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A noun, a verb, and POW

John McCain's protective mantra

DENVER - Democrats are trying to have some fun at John McCain's expense by passing out oversized buttons emblazoned with the slogan, "Ask Me How Many Houses I Own" - they're suddenly ubiquitous on the 15-block downtown pedestrian mall - and some of the politicians are working the topic into their conversations. When McCain's name came up during a panel discussion earlier today, Minnesota Senator Amy Klobuchar quipped, "People who live in seven houses shouldn't throw stones." And when Kansas Governor Kathleen Sebelius got to the convention podium early this evening, she joked that McCain has added new lines to an old American homily: "There's no place like home. And a home. And home. And home."

So what is McCain's latest strategy to blunt the potential damage of his admission that he can't enumerate the family residences without the assistance of staff?

Play the POW card, shamelessly so.

There once was a time, back in his "maverick" days, when the fawning Washington press corps wrote at great length about how McCain was (supposedly) reluctant to talk about his POW experience for political purposes. This actually wasn't true; during his first congressional race, when McCain was accused of being a carpetbagger because he had moved to the district in order to run for office, he got his opponent to back off by declaring that "the place I lived longest in my life was Hanoi." In the late '90s, when he was ensnared in the Keating S&L scandal, he huffed to inquisitive reporters that "even the Vietnamese didn't question my ethics." Nevertheless, his fans in the Washington press spread the myth that McCain didn't do such things.

Well, he did it yet again last night, playing the POW card on Jay Leno's show. (By the way, this was the celebrity politician's thirteenth appearance on Leno, pulling him even with Jennifer Love Hewitt. Barack Obama has appeared once.)

And when Leno quipped about the candidate's housing cluelessness, thereby suggesting anew to a mass audience that McCain's life bears no resemblance to the lives led by average Americans, the GOP candidate immediate dove for political cover by donning the old prison garb:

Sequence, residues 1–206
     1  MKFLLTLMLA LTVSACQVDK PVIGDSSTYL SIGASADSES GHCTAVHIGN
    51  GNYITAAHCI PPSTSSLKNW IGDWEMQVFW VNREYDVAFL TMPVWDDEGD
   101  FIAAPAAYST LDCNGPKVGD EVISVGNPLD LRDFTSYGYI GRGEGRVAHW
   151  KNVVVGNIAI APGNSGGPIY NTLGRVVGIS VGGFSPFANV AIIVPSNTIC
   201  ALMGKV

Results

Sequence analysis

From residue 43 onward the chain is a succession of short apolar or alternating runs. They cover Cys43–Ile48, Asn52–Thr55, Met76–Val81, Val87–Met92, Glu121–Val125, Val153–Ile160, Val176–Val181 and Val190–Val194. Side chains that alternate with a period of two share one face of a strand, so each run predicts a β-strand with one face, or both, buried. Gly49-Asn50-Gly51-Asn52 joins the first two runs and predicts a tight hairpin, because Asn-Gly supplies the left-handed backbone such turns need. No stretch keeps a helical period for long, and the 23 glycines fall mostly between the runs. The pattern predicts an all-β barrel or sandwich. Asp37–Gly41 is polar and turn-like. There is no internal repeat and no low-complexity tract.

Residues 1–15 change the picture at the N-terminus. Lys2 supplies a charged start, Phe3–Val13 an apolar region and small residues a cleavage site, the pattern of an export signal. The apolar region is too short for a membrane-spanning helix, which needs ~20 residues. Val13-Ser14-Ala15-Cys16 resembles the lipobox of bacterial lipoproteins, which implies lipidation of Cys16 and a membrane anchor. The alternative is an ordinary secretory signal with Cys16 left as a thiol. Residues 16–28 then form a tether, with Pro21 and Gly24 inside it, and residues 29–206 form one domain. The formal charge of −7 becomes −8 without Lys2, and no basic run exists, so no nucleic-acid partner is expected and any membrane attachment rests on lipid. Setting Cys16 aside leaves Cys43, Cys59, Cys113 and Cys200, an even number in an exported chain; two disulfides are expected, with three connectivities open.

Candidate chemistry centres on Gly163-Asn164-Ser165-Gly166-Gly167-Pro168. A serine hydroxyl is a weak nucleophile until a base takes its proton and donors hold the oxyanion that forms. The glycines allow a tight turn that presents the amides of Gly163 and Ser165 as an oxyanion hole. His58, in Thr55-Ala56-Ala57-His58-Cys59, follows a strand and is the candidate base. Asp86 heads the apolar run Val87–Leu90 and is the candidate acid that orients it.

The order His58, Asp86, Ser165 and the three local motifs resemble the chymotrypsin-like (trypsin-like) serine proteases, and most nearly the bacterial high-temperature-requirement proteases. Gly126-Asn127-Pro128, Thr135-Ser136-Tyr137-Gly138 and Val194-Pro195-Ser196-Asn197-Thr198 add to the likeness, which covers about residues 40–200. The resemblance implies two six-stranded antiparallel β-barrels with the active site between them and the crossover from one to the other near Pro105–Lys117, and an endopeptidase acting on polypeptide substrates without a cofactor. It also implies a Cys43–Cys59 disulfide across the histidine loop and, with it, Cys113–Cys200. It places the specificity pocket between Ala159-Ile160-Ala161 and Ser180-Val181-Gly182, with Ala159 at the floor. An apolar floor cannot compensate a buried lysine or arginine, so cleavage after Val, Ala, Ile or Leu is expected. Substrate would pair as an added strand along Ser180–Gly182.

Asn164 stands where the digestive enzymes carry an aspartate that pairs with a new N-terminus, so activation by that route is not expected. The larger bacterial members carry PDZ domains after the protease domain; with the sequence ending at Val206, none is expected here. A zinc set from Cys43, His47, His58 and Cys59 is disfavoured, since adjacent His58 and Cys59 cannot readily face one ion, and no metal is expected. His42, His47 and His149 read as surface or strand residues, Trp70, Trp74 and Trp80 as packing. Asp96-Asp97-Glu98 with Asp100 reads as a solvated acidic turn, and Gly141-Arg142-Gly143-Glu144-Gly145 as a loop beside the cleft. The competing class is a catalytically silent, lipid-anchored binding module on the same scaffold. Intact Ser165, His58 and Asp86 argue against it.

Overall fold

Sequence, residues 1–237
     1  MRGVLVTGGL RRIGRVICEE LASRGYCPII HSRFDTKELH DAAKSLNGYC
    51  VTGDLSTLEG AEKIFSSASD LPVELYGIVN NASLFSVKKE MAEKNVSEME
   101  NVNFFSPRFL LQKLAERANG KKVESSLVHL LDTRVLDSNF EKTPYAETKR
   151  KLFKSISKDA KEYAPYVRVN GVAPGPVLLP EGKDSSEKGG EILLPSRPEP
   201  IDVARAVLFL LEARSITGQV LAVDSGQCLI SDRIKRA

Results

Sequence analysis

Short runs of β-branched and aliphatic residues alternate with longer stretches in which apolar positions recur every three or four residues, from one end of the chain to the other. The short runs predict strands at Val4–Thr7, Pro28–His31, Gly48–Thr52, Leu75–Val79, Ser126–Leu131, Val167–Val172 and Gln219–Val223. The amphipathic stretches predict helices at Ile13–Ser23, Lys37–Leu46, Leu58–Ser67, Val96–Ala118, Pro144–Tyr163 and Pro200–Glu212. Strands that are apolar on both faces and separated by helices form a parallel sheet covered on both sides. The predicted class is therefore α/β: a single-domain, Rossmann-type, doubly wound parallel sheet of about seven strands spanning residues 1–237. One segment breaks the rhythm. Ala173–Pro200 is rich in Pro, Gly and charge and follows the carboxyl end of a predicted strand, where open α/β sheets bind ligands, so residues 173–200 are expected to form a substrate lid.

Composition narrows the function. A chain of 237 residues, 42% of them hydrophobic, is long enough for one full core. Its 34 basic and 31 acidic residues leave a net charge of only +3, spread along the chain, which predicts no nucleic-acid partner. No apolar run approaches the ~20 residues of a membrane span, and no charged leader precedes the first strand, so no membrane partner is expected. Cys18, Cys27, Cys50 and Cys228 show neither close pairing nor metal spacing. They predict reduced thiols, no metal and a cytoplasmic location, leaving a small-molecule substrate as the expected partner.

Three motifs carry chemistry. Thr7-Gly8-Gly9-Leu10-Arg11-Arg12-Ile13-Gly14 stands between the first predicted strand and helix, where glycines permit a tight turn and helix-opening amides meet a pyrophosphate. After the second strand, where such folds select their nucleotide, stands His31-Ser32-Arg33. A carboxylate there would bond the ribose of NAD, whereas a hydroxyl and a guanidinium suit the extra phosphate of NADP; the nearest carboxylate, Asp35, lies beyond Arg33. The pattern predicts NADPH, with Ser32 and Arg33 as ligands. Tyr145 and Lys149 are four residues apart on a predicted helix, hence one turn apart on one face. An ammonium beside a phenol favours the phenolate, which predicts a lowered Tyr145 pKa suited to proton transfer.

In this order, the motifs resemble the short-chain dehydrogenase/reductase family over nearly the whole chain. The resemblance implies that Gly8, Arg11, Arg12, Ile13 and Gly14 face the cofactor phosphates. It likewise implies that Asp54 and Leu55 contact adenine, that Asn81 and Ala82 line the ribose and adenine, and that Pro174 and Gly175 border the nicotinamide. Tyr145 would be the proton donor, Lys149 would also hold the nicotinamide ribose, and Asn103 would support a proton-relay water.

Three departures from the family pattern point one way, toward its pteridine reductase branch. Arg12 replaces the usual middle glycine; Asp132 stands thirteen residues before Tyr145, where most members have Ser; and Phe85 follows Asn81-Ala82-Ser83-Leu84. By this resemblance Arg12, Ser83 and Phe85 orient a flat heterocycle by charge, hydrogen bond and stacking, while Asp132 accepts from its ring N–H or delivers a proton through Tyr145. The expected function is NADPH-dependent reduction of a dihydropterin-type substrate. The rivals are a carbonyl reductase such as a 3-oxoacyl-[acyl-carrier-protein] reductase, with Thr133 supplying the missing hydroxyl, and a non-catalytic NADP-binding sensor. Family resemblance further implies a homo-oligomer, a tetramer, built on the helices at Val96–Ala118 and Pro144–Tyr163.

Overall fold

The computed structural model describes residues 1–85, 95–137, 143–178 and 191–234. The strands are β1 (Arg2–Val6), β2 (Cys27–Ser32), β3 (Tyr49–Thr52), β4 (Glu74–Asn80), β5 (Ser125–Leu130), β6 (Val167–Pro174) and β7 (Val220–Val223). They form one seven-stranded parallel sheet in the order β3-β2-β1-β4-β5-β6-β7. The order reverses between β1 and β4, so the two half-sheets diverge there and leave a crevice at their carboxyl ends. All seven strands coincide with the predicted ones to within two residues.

"Could I just mention to you, Jay, a moment of seriousness. I spent five and a half years in a prison cell. I didn't have a house. I didn't have a kitchen table. I didn't have a table. I didn't have a chair. And I didn't spend those five-and-a-half years because, not because I wanted to get a house when I got out."

Good grief, what's next with this guy? He must be a blast around the house: "Cindy, I refuse to take out the garbage. I lived in garbage for five and a half years." But seriously folks, I can hear him now, on the campaign trail: "To those who impugn my honor by pointing out that I now support permanent Bush tax cuts for the rich after having voted against them, I need only mention that, after all the suffering I endured for five and a half years, I have now earned the right to change my mind."

Using the POW years for political inocculation may be a shameless tactic, but, for a sizeable number of voters, it probably works. Which is why he has always done it, despite occasional claims that he would never stoop to such a thing. Witness this McCain remark, from 1999: "One of the things I've never tried to do is exploit my Vietnam service to my country, because it would be totally inappropriate to do so."

Although if he keeps trying to duck criticism in this manner, Joe Biden (updating his old quip about Rudy Giuliani's 9/11 mantra) may well be compelled to lament that McCain's candidacy is basically a noun, a verb, and POW.